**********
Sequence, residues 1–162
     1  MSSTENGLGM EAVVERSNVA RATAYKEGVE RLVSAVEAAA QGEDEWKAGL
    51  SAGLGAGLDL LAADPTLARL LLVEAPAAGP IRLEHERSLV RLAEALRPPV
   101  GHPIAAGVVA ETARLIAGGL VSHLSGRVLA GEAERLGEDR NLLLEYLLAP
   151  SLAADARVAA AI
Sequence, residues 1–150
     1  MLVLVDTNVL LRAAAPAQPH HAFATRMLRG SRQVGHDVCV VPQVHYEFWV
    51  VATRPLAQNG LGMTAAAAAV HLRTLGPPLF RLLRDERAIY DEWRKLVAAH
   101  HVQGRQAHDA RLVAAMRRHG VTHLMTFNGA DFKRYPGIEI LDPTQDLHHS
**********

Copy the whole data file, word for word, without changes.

Sequence, residues 1–162
     1  MSSTENGLGM EAVVERSNVA RATAYKEGVE RLVSAVEAAA QGEDEWKAGL
    51  SAGLGAGLDL LAADPTLARL LLVEAPAAGP IRLEHERSLV RLAEALRPPV
   101  GHPIAAGVVA ETARLIAGGL VSHLSGRVLA GEAERLGEDR NLLLEYLLAP
   151  SLAADARVAA AI
Sequence, residues 1–150
     1  MLVLVDTNVL LRAAAPAQPH HAFATRMLRG SRQVGHDVCV VPQVHYEFWV
    51  VATRPLAQNG LGMTAAAAAV HLRTLGPPLF RLLRDERAIY DEWRKLVAAH
   101  HVQGRQAHDA RLVAAMRRHG VTHLMTFNGA DFKRYPGIEI LDPTQDLHHS